Don’t smoke. Smoking increases older women’s chances of acquiring health conditions that are the leading causes of death in the U.S.: heart disease, stroke, and at least 15 types of cancer, including breast cancer.

Avoid post-menopausal hormones. Contrary to medical advice women were given for years, recent studies have shown that post-menopausal hormone replacement therapy (HRT) should not be continued long term to prevent chronic diseases like osteoporosis and heart disease. While there is evidence that HRT may lower the risk of some diseases, studies show that both estrogen-only hormones and estrogen-plus-progestin hormones can increase breast cancer risk. Most doctors now advise women who do take post-menopausal hormones to continue the treatment for as short a time as possible. Ask your doctor about the risks and benefits of post-menopausal hormones for you.

Get screened. Despite some controversy, studies show that breast cancer screening with mammography can help find cancer early—when it’s most treatable. For women who are age 55 and over, mammograms are recommended every other year, although women can choose to have them every year. Clinical breast exams and self-exams are no longer universally recommended as reliable methods for cancer detection, but women should be familiar with their breasts so they can notify a health care provider if they notice changes in how their breasts look or feel.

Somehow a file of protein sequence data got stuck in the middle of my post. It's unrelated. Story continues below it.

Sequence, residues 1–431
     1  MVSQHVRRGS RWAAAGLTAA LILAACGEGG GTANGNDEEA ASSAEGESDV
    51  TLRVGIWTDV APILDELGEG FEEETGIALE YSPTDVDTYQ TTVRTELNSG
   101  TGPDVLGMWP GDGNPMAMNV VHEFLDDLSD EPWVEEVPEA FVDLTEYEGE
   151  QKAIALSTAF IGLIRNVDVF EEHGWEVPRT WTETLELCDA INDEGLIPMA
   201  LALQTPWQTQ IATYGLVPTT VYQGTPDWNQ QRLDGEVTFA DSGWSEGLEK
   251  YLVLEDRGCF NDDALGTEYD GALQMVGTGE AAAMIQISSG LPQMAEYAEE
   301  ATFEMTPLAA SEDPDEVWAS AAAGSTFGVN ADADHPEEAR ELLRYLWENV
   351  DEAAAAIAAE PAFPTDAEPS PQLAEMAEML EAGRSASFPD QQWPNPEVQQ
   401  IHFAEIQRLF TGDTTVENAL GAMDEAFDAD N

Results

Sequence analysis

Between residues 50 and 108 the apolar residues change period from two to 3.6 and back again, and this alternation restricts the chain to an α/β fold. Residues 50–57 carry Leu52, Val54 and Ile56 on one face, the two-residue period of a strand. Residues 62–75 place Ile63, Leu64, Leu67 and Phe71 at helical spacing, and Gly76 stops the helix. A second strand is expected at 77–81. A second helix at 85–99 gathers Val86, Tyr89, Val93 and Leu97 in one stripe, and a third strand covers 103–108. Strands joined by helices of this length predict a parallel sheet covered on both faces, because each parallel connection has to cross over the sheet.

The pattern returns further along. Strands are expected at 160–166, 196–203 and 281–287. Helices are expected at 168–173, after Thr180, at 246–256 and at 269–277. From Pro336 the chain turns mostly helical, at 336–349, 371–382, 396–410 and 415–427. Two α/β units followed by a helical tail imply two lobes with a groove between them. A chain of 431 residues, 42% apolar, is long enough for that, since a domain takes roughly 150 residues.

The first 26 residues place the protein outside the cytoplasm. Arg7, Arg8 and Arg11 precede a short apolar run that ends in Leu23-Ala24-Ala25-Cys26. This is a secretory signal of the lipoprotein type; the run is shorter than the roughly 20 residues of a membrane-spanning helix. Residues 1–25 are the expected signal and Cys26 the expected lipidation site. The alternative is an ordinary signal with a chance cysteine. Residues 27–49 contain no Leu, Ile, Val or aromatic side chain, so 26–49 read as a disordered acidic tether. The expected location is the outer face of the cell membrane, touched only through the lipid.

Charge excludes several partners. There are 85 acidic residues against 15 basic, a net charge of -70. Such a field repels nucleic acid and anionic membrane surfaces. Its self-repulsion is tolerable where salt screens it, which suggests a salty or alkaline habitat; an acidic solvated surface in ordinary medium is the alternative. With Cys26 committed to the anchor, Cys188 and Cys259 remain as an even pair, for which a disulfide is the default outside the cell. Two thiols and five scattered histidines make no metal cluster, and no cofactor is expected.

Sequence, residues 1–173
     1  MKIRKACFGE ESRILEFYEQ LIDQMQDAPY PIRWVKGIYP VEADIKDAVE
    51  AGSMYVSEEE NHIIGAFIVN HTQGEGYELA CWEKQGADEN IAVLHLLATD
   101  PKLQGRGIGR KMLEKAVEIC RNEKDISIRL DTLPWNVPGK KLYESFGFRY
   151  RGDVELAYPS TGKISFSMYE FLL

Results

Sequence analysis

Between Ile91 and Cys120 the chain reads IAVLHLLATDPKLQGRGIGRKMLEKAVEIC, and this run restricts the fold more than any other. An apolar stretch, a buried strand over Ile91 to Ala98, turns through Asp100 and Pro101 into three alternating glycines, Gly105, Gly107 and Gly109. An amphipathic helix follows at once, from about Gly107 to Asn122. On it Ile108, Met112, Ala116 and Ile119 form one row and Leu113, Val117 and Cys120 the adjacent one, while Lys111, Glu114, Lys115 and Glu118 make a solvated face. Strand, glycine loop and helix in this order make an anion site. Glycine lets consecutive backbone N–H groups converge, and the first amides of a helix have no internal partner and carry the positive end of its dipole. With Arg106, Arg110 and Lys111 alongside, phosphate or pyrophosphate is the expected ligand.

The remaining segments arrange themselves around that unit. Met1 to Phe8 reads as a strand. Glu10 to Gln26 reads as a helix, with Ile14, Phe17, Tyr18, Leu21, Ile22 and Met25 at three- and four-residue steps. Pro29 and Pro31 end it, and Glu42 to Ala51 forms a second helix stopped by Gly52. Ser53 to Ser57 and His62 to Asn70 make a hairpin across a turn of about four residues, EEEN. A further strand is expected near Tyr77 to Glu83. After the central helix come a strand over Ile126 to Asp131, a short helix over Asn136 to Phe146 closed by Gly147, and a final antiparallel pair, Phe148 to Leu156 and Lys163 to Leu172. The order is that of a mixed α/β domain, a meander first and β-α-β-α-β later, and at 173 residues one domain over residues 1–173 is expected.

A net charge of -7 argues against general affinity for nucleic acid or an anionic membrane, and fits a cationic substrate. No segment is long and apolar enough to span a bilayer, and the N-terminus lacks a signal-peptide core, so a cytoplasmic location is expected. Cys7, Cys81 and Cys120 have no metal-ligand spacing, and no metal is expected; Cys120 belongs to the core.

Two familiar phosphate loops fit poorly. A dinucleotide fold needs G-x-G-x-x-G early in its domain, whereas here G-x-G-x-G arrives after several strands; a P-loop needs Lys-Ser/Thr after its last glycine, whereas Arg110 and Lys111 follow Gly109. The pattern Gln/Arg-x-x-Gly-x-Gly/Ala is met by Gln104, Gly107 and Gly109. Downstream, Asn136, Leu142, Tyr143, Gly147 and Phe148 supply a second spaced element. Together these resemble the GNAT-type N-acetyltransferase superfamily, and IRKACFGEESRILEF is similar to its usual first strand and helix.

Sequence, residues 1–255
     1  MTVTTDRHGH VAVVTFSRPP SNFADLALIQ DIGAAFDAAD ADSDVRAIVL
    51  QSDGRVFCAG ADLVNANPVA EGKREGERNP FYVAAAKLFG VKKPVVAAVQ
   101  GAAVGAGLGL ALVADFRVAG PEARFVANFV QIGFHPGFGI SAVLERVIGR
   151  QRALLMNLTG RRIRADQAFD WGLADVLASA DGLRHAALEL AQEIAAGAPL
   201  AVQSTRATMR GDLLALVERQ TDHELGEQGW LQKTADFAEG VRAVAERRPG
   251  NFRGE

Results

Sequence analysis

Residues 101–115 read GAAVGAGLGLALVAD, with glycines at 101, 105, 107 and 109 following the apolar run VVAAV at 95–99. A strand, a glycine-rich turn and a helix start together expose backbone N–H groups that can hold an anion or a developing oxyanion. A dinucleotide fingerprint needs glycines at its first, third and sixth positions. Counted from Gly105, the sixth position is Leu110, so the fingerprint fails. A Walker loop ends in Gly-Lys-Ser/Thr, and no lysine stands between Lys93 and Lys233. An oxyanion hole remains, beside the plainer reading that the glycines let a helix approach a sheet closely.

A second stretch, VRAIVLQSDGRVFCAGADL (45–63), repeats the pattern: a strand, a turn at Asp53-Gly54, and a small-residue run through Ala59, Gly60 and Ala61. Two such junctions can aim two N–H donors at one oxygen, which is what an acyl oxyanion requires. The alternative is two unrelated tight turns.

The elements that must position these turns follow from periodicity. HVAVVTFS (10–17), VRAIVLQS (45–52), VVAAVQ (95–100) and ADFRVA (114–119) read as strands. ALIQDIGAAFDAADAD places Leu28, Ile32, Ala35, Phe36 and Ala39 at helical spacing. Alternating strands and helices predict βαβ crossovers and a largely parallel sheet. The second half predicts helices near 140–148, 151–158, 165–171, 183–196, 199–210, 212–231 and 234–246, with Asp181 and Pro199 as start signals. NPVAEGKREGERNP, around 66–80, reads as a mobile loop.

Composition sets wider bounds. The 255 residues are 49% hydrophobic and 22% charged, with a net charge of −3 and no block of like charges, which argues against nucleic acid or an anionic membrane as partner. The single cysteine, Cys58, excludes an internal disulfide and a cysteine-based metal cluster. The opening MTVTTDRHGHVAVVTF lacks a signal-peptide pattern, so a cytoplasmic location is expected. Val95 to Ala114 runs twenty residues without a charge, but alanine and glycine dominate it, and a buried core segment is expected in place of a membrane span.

Know the risk factors. There are a number of breast cancer risk factors that women cannot control. Knowing which ones apply to you can help you understand your own risk. The following list of factors can increase a woman’s chances of developing breast cancer. (Keep in mind that most women who have one or more of these risk factors never develop breast cancer.)

  • Age 60 years or over
  • Family history of breast cancer
  • First menstrual period before age 12
  • Menopause at age 55 or over
  • First childbirth after age 35
  • No children
  • Tall height (5-foot-8 or taller)
  • Dense breasts
  • History of benign breast disease (like atypical hyperplasia)

Fall Prevention Awareness Week: September 22–29

This year’s theme is “Ready, Steady, Balance: Prevent Falls in 2016” 

Among adults over age 65, falls are the leading cause of death from injury, nonfatal injuries from accidents, and hospital admissions for trauma. To bring attention to this critical health and safety issue, the Fall Prevention Center of Excellence sponsors Fall Prevention Awareness Week during the first week of the fall/autumn season. This year, during the week of September 22–29, older adults, caregivers, and families are encouraged to learn about seniors’ fall risks and how to prevent falls in 2016 and the years ahead.